The Fairy’s Kiss
Violin Concerto in D, Op.35
Gayaneh – Hopak
Julian Rachlin (violin)
Bournemouth Symphony Orchestra
Reviewed by: Andrew Maisel
Reviewed: 10 August, 2009
Venue: Royal Albert Hall, London
This was a wonderfully entertaining evening of Russian music. The Fairy’s Kiss (1927-8) is an underrated and under-performed ballet score, which Stravinsky composed in homage to his countryman Tchaikovsky. Stravinsky drew on some of Tchaikovsky’s lesser-known piano pieces and songs (although “None but the lonely heart” is included) as the inspiration for this delightful music which deserves wider recognition.
Kirill Karabits and the Bournemouth Symphony Orchestra gave a performance that was immaculately prepared and brimming with detail. Karabits’s swift tempos and cooler- than-cool approach emphasised more Stravinsky’s neo-classicism than Tchaikovsky’s romanticism. He never let the pace drag and his control of the orchestra was impressive. There were some outstanding contributions from Edward Kay (oboe) and Kevin Banks (clarinet). Some rather sour playing from the horns was the only blemish.
A memorable Tchaikovsky Violin Concerto followed the interval. This was a full-blooded affair, Julian Rachlin producing a beautifully expressive tone throughout, combining scintillating virtuosity while bringing out the warmth in Tchaikovsky’s writing. There was no shortage of excitement and the tension Rachlin and Karabits created at the end of the first movement led to an unfortunate if understandable outbreak of applause. The second-movement ‘Canzonetta’ was a highlight – played with heartfelt intensity with little concessions to sentimentality, although some might argue that Rachlin’s rubato was a trifle excessive. The BSO’s support was sympathetic throughout including a ravishing flute solo from Anna Pyke following the first-movement cadenza.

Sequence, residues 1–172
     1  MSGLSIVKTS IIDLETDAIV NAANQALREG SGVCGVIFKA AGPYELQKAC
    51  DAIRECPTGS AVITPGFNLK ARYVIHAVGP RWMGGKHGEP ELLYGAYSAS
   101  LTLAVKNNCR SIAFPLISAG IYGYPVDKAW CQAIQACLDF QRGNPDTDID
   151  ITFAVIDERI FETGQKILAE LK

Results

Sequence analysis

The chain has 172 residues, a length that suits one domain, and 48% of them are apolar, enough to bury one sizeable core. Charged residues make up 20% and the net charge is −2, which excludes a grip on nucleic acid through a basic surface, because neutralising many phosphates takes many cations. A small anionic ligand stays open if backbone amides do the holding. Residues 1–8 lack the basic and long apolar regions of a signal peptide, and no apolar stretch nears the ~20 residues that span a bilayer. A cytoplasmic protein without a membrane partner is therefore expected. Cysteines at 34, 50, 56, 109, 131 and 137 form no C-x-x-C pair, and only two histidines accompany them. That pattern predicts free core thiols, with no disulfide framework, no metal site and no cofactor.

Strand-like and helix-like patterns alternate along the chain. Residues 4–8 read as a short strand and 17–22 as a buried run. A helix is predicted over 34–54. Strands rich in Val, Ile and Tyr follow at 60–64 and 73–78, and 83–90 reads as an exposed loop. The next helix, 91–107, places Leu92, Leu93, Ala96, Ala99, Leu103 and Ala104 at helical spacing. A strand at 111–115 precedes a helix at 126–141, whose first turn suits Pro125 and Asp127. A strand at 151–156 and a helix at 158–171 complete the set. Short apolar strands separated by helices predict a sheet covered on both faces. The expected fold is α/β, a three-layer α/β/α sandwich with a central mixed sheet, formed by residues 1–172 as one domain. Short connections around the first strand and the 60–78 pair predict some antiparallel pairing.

Rachlin’s encore – the ‘Sarabande’ from Bach’s D minor unaccompanied Partita – provided the perfect contrast.
The selections from Khachaturian’s score for the ballet Spartacus were joyously extrovert and full of rhythmic vitality. The Bournemouth Symphony can really swing! Karabits and his players brought-out all the colour and excitement of music, which, in the wrong hands, can sound vulgar. The big tune of the famous ‘Adagio of Spartacus and Phrygia’ (used as the title-music for BBC Television’s “The Onedin Line”) unleashed some wonderfully ripe and passionate playing from the strings. Karabits now had the enthusiastic audience eating out of his hands. He and the BSO were clearly enjoying themselves, too, and delivered the ‘Hopak’ from Gayaneh with gusto.